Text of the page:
From Hollywood to Havana: Five Decades of Cuban Posters Promoting U.S. Films

Pasadena Museum of California Art

August 20, 2017–January 7, 2018

The Exhibit

Life in Cuba changed dramatically on January 1, 1959, when the guerrilla forces led by Fidel Castro overthrew the United States-supported dictatorship of Fulgencio Batista. However, Cubans’ love for movies remained unchanged. Less than three months after coming to power, the Cuban government formed the Instituto Cubano del Arte e Industria Cinematográficos (ICAIC), or Cuban Film Institute of Cinematographic Art and Industry, to facilitate film production, promotion, and distribution.

Prior to ICAIC, Cubans produced very few films, and most movies shown in Cuba were imported from the United States, Europe, Mexico, and Argentina. Cinema was a powerful and effective way of reaching the entire population, and the Revolutionary government began producing documentaries to advance their efforts for better healthcare, literacy, and agrarian reform.

In the sixty years following Cuba’s independence from Spain, U.S. business interests dominated Cuban life. When Fidel Castro came to power, the U.S. government actively pursued “regime change” and worked against the Revolution in many ways, including instituting an economic embargo. In spite of el bloqueo, a trade embargo that has been in place since 1960, Cubans continue to enjoy Hollywood films, though no one will discuss how they’ve managed to import them.

Cubans created screenprints to promote the films they showed, including movies from the United States, but the Cuban posters looked nothing like their Hollywood counterparts. Rather than using a standard design featuring the movies’ stars, the ICAIC posters use symbols, design, and color to interpret the films.

Hollywood in Havana features Cuban silkscreens promoting Hollywood films and Cuban films about the United States. All were produced by ICAIC over a fifty-year period. They publicize a surprising variety of movies from classics to cult films, musical comedies to horror, and everything in between. With a focus on design, style, craft, and the themes of the films, these Cuban posters are in striking contrast to the Hollywood film posters that are ubiquitous in billboards and signs across Los Angeles, the entertainment capital of the world.

The Posters
Credits: Story

Claudio Sotolongo, "Cabaret," 2009. Silkscreen, 29 15/16 x 20 1/16 inches. Instituto Cubano del Arte e Industria Cinematográficos (ICAIC). Courtesy of the Center for the Study of Political Graphics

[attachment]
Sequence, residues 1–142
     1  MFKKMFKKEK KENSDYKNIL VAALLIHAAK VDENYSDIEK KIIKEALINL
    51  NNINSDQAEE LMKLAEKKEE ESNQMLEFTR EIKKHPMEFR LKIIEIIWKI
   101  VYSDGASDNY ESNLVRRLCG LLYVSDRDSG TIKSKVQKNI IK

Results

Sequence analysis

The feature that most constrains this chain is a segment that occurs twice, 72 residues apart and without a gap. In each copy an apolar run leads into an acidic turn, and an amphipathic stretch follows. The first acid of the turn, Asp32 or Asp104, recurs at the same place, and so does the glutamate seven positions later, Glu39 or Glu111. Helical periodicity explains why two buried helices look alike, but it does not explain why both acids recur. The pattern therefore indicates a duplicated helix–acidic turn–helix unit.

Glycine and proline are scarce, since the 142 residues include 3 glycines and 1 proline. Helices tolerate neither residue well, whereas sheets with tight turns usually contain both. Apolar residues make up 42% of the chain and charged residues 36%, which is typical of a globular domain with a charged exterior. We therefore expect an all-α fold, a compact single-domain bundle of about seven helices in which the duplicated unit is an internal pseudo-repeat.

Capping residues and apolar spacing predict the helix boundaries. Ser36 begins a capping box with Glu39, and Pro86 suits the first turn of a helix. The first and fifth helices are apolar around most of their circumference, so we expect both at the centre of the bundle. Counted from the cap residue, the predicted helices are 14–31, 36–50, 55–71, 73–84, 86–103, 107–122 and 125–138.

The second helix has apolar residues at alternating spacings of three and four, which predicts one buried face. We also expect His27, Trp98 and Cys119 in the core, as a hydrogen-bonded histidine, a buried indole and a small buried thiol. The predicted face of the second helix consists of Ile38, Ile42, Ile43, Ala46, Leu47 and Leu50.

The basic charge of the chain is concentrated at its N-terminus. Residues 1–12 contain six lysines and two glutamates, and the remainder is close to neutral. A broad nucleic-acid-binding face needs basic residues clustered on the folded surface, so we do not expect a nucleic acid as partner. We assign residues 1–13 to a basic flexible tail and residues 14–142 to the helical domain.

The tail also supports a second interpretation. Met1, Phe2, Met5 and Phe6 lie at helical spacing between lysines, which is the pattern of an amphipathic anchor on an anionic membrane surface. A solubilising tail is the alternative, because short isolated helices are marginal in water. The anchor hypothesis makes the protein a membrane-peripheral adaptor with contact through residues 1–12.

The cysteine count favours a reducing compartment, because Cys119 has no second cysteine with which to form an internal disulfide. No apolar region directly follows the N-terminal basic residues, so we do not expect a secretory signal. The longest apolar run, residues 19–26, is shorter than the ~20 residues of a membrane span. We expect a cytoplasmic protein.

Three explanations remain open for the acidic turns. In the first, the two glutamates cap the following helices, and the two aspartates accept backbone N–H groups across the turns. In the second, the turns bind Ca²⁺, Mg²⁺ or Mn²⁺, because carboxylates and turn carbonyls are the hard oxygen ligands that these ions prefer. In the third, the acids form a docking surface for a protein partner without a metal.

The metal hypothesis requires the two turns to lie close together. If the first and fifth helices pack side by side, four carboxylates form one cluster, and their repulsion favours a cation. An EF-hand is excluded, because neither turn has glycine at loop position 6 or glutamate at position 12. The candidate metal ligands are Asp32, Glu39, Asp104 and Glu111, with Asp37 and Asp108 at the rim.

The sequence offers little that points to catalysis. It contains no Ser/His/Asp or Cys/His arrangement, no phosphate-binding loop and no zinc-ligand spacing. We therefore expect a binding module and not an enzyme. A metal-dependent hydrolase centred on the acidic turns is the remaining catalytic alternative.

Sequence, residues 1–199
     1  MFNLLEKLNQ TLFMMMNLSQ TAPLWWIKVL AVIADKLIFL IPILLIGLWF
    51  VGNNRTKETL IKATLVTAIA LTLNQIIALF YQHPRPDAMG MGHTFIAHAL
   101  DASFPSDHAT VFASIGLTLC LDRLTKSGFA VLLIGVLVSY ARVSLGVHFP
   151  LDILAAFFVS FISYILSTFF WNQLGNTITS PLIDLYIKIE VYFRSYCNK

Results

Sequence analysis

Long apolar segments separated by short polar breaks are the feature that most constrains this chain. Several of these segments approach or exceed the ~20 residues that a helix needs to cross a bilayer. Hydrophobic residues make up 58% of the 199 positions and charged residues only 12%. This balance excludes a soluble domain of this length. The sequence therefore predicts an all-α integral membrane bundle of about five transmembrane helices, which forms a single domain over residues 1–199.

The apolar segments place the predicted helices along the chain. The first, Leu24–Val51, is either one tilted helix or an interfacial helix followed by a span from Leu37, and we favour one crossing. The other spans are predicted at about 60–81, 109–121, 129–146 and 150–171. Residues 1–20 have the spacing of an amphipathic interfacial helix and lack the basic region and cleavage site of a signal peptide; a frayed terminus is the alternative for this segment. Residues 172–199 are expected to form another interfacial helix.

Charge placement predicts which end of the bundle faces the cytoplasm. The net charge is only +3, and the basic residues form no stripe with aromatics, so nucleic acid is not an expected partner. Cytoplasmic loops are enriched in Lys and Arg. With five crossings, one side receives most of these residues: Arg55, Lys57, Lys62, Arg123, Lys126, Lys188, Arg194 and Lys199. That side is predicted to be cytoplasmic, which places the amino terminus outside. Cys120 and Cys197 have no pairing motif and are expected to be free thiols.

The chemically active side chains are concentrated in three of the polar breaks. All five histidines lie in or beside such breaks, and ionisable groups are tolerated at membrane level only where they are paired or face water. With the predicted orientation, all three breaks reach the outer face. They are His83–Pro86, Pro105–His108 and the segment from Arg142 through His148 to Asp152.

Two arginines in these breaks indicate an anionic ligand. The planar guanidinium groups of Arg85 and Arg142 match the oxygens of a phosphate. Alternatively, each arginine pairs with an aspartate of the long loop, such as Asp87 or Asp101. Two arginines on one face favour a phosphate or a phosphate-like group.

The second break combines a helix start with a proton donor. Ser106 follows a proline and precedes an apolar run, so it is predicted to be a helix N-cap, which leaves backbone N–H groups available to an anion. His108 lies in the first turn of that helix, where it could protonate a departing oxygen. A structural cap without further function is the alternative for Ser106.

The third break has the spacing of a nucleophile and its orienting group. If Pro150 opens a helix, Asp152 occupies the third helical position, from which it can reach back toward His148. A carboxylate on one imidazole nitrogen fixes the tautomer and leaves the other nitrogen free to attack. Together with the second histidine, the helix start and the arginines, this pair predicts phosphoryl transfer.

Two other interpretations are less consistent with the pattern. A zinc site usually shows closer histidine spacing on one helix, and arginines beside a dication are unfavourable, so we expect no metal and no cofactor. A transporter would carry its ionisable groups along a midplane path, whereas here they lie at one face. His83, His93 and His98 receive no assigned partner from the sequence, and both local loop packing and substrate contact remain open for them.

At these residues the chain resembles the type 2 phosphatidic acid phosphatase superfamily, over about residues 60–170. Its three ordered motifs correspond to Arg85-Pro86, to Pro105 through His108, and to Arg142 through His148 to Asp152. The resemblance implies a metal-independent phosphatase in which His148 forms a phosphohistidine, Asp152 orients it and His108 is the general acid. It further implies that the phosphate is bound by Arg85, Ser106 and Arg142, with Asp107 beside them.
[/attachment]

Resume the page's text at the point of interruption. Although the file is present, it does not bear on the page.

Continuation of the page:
René Azcuy, "El Chicuelo/The Kid," 1975. Silkscreen, 29 15/16 x 20 1/16 inches. Instituto Cubano del Arte e Industria Cinematográficos (ICAIC). Courtesy of the Center for the Study of Political Graphics

Raúl Valdes (Raupa), "El Resplandor/The Shining," 2009. Silkscreen, 29 15/16 x 20 1/16 inches. Instituto Cubano del Arte e Industria Cinematográficos (ICAIC). Courtesy of the Center for the Study of Political Graphics

Raúl Valdés (Raupa), "El Silencio De Los Corderos/Silence of the Lambs," 2009. Silkscreen, 29 15/16 x 20 1/16 inches. Instituto Cubano del Arte e Industria Cinematográficos (ICAIC). Courtesy of the Center for the Study of Political Graphics

Antonio Pérez (Ñiko), "Isadora," 1979. Silkscreen, 29 15/16 x 20 1/16 inches. Instituto Cubano del Arte e Industria Cinematográficos (ICAIC). Courtesy of the Center for the Study of Political Graphics

Giselle Monzón, "La Soga/Rope," 2009. Silkscreen, 29 15/16 x 20 1/16 inches. Instituto Cubano del Arte e Industria Cinematográficos (ICAIC). Courtesy of the Center for the Study of Political Graphics

René Azcuy, "Marilyn Monroe In Memoriam," circa 1976. Silkscreen, 29 15/16 x 20 1/16 inches. Instituto Cubano del Arte e Industria Cinematográficos (ICAIC). Courtesy of the Center for the Study of Political Graphics

Antonio Reboiro, "Moby Dick," 1968. Silkscreen, 29 15/16 x 20 1/16 inches. Instituto Cubano del Arte e Industria Cinematográficos (ICAIC). Courtesy of the Center for the Study of Political Graphics

Eduardo Muñoz Bachs, "Por Primera Vez/For the First Time," 1968.
Silkscreen, 29 15/16 x 20 1/16 inches. Instituto Cubano del Arte e Industria Cinematográficos (ICAIC). Courtesy of the Center for the Study of Political Graphics

René Azcuy, "¿Que Paso Con Baby Jane?/Whatever Happened to Baby Jane?," 1976. Silkscreen, 29 15/16 x 20 1/16 inches. Instituto Cubano del Arte e Industria Cinematográficos (ICAIC). Courtesy of the Center for the Study of Political Graphics

Julio Eloy Mesa, "Retrospectiva De La Cinematografia Chicana/Retrospective of Chicano Cinematography", 1979. Silkscreen, 29 15/16 x 20 1/16 inches. Instituto Cubano del Arte e Industria Cinematográficos (ICAIC). Courtesy of the Center for the Study of Political Graphics

Lisandro Trepeu, "Singin’ in the Rain," 2009. Silkscreen, 29 15/16 x 20 1/16 inches. Instituto Cubano del Arte e Industria Cinematográficos (ICAIC). Courtesy of the Center for the Study of Political Graphics

Claudio Sotolongo, "Tiempos Modernos/Modern Times," 2009. Silkscreen, 29 15/16 x 20 1/16 inches. Instituto Cubano del Arte e Industria Cinematográficos (ICAIC). Courtesy of the Center for the Study of Political Graphics

Antonio Pérez (Ñiko), "Trapecio/Trapeze," 1969. Silkscreen, 29 15/16 x 20 1/16 inches. Instituto Cubano del Arte e Industria Cinematográficos (ICAIC). Courtesy of the Center for the Study of Political Graphics

Eduardo Muñoz Bachs, "Tres En Un Sofá/Three on a Couch," 1974. Silkscreen, 29 15/16 x 20 1/16 inches. Instituto Cubano del Arte e Industria Cinematográficos (ICAIC). Courtesy of the Center for the Study of Political Graphics

Credits: All media
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